The Special Adviser to the President on Social Investments, Mrs Maryam Uwais, has explained why the Homegrown School Feeding Programme of the Federal Government was suspended in some states.

There had been reports of poor quality food, insufficient and irregular supply of food, as well as late disbursement of funds by the government in states, such as Akwa Ibom and Niger.

But reacting to the development, in an exclusive interview with our correspondent, Uwais said the Federal Government had started conducting a headcount of pupils being fed under the programme.

She explained that the National Social Investment Office had engaged the National Bureau of Statistics to conduct a headcount of pupils and those cooking the food under the intervention programme.

Uwais said the outcome of the data in the affected states was being reconciled, adding that it became necessary to do this due to the discovery of a disagreement between the figures provided by officials of the State Universal Basic Education Board and what the monitors on the field actually reported.

She also noted that pupils had not been fed since April due to reconciliation efforts. “We have been reconciling the data in the states after engaging the NBS to conduct a headcount of pupils and cooks for us.

“Essentially, we found conflicting reports of the figures between official SUBEB figures and reports from monitors in the field.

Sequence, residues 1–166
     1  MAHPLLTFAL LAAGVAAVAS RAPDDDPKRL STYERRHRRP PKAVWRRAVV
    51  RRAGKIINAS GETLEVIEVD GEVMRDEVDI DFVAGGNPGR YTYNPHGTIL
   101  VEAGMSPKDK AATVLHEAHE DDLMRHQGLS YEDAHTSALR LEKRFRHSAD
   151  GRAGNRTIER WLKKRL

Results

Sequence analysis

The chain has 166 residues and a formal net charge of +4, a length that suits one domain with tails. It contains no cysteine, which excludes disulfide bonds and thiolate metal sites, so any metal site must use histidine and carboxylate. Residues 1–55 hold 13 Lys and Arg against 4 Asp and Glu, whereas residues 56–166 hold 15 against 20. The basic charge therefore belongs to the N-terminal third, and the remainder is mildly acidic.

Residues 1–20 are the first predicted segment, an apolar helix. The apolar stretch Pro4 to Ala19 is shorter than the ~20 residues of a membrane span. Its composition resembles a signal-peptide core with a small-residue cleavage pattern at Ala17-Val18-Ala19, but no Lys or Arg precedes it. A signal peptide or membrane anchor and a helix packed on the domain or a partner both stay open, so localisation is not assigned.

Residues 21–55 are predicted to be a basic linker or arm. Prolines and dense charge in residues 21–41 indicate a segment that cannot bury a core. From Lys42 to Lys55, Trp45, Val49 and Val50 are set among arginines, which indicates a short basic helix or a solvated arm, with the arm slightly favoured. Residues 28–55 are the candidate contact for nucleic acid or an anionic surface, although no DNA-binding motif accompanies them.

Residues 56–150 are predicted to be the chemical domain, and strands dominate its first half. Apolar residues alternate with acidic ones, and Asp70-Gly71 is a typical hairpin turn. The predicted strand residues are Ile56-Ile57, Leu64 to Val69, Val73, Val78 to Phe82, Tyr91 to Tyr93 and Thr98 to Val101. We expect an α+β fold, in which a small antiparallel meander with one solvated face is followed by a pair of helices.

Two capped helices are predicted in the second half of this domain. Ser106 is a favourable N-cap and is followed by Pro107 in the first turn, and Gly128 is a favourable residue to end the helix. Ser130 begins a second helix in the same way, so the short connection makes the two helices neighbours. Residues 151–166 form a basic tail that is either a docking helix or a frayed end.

“We mobilised the NBS to venture into all government-owned primary schools where we are feeding to confirm the numbers and those actually feeding.

“So yes, we haven’t fed the pupils since April due to reconciliation efforts, as some of the states are contesting the figures.

“We (will) start feeding on June 24 for the states that have been feeding, irrespective of their protests. That is the cut-off-date for all protests.”

The Federal Government had in 2015 designed the social safety programme to improve the lives of all Nigerians, irrespective of religion, political affiliation and social class.

The Muhammadu Buhari administration had structured the programme to be impact-oriented, specifically catering to the needs of the poor, the vulnerable and those at the bottom of the social ladder without access to finance.

Uwais had last month said the thrust from inception had been to provide a nourishing and balanced meal for 200 school days in a year to pupils in classes one to three in public primary schools so as to boost enrolment, increase the cognitive function in children and battle malnutrition.

She added, “Nigeria is fast on its way to becoming the leader in Africa by feeding over 9.7 million pupils and still counting.”

To implement the programme, she said the government required 94 metric tons of fish, 7,260,862 eggs and 767 cattle slaughtered for the pupils being fed.

She added that fruits, vegetables and grains were part of the carefully thought-out balanced diet for all of the pupils.

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